from Wiktionary, Creative Commons Attribution/Share-Alike License

  • n. Plural form of uprush.


Sorry, no etymologies found.


  • In the last ten years we have had in America three unequaled uprushes and collapses of speculation in the three chief elements of wealth: commodities, land, and securities.

    Whirlwinds of Speculation

  • Our ancestors called these uprushes the solicitations of the devil, seeking to destroy the Christian soul; and regarded them with justice as an opportunity of testing our spiritual strength.

    The Life of the Spirit and the Life of To-day

  • All who are or may be concerned with the spiritual training, help, and counselling of others ought clearly to recognize that there are elements in religious experience which represent, not a true sublimation, but either disguised primitive cravings and ideas, or uprushes from lower instinctive levels: for these experiences have their special dangers.

    The Life of the Spirit and the Life of To-day

  • And yet -- catching that sharp-toothed smile, I felt my faith in him for the first time shaken by one of those unaccountable uprushes of intuition which perplex and disturb.

    Slippy McGee, Sometimes Known as the Butterfly Man

  • Before the war Morrie's great drinking came seldom, by fits and bursts and splendid unlasting uprushes; after the war the two states tended to approach till they merged in one continual sickly soaking.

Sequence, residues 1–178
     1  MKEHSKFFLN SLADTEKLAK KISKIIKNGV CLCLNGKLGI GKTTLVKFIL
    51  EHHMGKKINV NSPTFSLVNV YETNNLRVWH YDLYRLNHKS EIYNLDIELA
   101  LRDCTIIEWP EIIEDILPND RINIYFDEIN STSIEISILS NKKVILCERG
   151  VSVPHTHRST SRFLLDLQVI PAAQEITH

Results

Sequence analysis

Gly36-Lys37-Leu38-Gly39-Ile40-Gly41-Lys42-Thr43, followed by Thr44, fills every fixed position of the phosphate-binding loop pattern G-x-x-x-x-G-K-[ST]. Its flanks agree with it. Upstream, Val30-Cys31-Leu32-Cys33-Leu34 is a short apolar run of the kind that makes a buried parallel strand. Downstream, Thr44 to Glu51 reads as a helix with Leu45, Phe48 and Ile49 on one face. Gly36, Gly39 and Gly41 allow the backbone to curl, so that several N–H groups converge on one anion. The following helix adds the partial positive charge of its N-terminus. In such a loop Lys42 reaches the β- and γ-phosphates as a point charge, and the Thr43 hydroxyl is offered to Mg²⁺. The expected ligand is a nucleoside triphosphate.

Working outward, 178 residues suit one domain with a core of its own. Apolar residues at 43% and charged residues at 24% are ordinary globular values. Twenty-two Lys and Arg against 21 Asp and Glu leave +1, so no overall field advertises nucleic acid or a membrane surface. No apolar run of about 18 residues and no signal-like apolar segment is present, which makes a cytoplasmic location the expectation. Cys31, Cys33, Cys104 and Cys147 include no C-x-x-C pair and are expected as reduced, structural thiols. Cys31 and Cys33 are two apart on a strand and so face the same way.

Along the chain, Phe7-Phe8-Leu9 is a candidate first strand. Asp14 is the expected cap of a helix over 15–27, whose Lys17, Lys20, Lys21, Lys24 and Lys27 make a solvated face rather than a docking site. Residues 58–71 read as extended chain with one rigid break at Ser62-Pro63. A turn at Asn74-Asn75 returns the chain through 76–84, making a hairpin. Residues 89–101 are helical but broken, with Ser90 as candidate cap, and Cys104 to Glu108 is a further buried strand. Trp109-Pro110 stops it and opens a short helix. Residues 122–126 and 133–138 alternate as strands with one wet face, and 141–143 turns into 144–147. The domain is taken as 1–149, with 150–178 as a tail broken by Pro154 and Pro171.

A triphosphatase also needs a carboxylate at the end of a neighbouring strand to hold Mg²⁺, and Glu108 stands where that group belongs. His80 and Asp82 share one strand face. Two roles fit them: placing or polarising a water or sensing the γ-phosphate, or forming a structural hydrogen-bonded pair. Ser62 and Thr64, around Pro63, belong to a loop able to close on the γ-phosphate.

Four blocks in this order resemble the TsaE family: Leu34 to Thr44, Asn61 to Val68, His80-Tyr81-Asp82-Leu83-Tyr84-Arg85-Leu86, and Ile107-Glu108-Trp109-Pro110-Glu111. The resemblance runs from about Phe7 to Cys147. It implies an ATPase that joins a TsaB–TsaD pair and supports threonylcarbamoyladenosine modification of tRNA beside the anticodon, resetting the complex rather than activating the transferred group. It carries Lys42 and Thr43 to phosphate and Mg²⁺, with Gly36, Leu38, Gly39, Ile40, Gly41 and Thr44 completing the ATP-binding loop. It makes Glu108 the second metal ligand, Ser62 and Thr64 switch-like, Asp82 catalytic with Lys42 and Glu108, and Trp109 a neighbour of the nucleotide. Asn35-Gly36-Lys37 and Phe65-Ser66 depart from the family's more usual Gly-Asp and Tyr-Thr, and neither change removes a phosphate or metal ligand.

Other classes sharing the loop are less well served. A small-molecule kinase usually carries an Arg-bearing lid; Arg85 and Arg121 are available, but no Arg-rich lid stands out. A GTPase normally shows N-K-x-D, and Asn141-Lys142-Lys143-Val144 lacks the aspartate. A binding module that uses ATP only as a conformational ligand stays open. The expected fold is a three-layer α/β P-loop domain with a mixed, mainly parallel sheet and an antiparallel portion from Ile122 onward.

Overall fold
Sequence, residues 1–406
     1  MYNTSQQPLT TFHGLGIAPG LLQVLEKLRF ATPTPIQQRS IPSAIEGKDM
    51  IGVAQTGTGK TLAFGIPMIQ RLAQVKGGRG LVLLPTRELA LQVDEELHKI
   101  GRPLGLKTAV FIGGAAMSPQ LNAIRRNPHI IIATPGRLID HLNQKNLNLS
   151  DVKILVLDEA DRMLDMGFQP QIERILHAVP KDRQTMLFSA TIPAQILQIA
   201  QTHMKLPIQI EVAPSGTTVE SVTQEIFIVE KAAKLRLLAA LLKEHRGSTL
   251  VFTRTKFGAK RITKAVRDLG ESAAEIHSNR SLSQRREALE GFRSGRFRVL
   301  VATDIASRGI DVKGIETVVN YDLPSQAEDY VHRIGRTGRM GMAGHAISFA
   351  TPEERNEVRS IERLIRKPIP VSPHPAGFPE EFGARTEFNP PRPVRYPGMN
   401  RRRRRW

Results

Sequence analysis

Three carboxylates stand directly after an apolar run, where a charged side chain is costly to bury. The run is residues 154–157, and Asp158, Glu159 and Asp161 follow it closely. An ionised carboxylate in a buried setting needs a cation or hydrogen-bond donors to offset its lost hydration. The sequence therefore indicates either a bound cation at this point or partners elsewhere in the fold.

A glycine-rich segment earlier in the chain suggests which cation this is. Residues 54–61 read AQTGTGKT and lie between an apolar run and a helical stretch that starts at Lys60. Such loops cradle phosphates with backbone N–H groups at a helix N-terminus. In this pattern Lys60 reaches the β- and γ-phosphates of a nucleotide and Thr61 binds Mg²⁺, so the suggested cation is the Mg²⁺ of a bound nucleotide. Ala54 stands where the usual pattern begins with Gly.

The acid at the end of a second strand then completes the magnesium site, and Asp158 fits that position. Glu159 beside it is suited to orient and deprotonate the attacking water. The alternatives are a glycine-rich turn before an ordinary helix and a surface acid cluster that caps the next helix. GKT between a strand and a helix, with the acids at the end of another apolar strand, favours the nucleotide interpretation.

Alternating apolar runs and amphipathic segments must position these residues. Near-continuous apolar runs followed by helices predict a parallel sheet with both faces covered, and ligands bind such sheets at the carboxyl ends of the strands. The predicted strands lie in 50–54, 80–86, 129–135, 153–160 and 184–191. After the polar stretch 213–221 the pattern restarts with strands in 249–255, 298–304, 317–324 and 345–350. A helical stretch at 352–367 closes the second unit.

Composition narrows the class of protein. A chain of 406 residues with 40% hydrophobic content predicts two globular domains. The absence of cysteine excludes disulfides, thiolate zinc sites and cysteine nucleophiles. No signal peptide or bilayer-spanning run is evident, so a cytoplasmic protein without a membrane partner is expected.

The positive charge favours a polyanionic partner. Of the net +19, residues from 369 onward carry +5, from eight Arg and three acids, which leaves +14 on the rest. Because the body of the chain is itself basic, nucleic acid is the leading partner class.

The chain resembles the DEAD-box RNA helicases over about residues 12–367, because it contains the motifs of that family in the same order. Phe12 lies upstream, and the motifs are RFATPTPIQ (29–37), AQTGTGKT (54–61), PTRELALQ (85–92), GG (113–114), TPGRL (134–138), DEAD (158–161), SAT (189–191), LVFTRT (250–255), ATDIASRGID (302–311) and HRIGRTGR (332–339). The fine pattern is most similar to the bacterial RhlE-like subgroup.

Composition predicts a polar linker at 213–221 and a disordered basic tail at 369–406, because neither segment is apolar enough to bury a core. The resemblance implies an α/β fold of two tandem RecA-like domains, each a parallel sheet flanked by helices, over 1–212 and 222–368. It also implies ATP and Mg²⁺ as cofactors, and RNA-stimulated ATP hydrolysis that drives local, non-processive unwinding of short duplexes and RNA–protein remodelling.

The Tree of Heaven

  • As we entered the lake of cloud the sunlight became fainter, uprushes of cold mists struck us, gloom settled, denser and denser grew the fog, drops of condensed vapor dripped from the trees under which we passed.

    In Indian Mexico (1908)

  • It has been found that both uprushes and downrushes occur, but there is no marked predominance of either in a sun-spot.

    History of Astronomy

  • Lockyer, moreover, has seen a prominence 40,000 miles high shattered in ten minutes; while uprushes have been witnessed by Respighi, of which the initial velocities were judged by him to be 400 or 500 miles a second.

    A Popular History of Astronomy During the Nineteenth Century Fourth Edition

  • From these falls result, primarily, spots; secondarily, through the answering uprushes in which chemical and mechanical forces co-operate, their girdles of flame-prominences.

    A Popular History of Astronomy During the Nineteenth Century Fourth Edition

  • These appear to be uprushes of matter in the gaseous state, the upward movement being upon the margins of the field and a downward motion taking place in the middle of the irregular opening, which is darkened in its central part, thus giving it, when seen by an ordinary telescope, the aspect of a black patch on the glowing surface.

    Outlines of the Earth's History A Popular Study in Physiography


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